Under the heading "QNAME", there are the names (SN) of the sequences (chromosomes) used in alignment (e.g. chrI is chromosome number 1) and their length (LN).
The below is what all the heading mean:
Under the "FLAG" heading there will be a number. This can be searched for using this website to find out what that specific number means.
Flagstat (search for it in "Tools") will calculate the flag for each read in the bam file and tabulate the results. Don't forget to select multiple files if you are working with more than one data set. In the below example, the aligned percentage is 99.95%.
Idxstats (search for it in "Tools") will report the number of reads mapping to each reference sequence (i.e. chromosome).
To visualise the alignments, open Integrative Genomics Viewer (IGV), a different software from Galazya which is a "high-performance visualization tool for interactive exploration of large, integrated genomic datasets" (IGV, 2019). It is ofetn used as a first pass at visualising NGS data (Next generation sequencing is a new method for sequencing genomes at high speed and at low cost).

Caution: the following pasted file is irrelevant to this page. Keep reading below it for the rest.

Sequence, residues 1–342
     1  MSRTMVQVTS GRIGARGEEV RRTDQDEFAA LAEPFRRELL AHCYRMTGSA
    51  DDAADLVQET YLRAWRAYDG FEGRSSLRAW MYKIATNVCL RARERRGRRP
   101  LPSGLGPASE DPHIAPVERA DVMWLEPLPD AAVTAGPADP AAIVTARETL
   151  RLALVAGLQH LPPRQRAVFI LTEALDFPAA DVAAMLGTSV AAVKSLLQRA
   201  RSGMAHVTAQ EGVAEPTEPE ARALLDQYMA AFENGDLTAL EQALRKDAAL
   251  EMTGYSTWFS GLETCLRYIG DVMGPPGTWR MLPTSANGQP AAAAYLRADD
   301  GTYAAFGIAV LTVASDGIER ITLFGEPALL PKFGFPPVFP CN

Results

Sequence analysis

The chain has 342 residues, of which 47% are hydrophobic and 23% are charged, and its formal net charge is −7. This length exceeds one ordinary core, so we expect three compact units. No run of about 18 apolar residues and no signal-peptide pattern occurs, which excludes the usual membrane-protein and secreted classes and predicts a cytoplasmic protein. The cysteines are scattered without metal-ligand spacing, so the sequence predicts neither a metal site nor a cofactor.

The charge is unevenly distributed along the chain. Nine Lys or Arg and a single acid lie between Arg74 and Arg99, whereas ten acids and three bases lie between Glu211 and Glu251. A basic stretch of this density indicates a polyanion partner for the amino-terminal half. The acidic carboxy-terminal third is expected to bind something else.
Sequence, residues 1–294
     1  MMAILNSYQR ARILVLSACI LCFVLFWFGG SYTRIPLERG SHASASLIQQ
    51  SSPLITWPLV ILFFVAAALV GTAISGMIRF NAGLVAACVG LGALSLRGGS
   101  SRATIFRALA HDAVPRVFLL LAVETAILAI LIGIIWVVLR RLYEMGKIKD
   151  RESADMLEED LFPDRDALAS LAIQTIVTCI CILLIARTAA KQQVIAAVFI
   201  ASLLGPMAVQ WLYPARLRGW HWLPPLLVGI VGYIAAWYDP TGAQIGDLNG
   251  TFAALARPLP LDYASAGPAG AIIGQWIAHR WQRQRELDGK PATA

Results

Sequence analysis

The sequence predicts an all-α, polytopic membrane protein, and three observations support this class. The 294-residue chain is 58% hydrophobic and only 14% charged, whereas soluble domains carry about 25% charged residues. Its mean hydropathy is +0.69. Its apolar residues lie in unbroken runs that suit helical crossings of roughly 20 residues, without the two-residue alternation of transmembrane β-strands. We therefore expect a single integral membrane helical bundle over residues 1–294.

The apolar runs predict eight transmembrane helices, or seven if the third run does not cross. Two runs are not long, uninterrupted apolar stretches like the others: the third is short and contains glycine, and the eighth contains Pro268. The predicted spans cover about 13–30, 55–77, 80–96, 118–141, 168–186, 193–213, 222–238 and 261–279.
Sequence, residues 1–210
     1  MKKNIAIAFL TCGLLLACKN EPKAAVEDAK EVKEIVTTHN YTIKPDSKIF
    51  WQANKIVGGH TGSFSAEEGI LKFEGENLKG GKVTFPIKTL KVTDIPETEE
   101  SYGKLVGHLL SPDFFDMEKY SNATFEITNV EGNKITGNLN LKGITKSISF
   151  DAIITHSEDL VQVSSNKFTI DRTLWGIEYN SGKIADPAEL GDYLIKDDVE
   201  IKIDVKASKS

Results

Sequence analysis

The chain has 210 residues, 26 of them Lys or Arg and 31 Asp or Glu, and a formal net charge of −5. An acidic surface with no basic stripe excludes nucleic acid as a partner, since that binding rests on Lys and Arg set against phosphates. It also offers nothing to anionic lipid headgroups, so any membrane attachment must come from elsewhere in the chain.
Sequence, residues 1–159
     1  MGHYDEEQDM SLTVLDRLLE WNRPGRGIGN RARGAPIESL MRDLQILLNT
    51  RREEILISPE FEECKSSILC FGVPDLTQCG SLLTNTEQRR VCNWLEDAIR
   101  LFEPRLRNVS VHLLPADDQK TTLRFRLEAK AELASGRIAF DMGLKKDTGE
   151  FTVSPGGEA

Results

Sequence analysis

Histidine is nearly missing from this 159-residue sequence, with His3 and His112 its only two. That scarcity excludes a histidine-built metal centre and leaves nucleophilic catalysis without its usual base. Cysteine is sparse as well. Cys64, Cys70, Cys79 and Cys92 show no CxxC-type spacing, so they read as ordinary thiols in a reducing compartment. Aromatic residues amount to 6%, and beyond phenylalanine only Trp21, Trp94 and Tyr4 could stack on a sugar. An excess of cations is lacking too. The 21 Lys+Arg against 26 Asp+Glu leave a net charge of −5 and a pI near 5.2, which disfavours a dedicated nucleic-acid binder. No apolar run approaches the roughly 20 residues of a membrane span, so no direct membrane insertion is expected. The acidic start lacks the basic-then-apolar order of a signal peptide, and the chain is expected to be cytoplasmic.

In Galaxy, download the bam files you created in Galaxy by clicking on the data set and then the save icon on the right-hand panel. Download both the Download data set and Download index buttons.
In IGC, click the drop down in the top left and select the organism who you are working with. The bit at the bottom shows the genes present in the reference organism you have selected (i.e. the reference genome that has already been decoded). Click "File" then "Upload" and select all your bam files.
After alignment, the next step is to count the number of tomes a specific gene has been sequenced. Longer genes will get more reads because there is more of them (the entire gene doesn't have to match, just bits of them).
In Galaxy, search and select "UCSC Main table browser" in "Tools". I used the following settings:
- Set clade to Other
- Set genome to S. cerevisiae
- assembly Apr. 2011
- group Genes and Gene Prediction
- track SGD Genes
- region genome
- output format GTF - gene transfer format (limited) and send output to Galaxy
Click "Get Output" and then "Send Query to Galaxy"
Then search and select "htseq-count" in "Tools". Select all the bam files and make sure that "GFF File" is on the correct organism. Then click "Execute".
The term differential expression was first used to refer to the process of finding statistically significant genes from a microarray gene expression study. RNAseq has now replaced microrrays, although they can still be used. Basically it means that you've counted the genes but now you need stats to prove you've the genes you've counted are all differentially expressed.
For example in the below image, A has a different average differential experession than B but there is variability/range.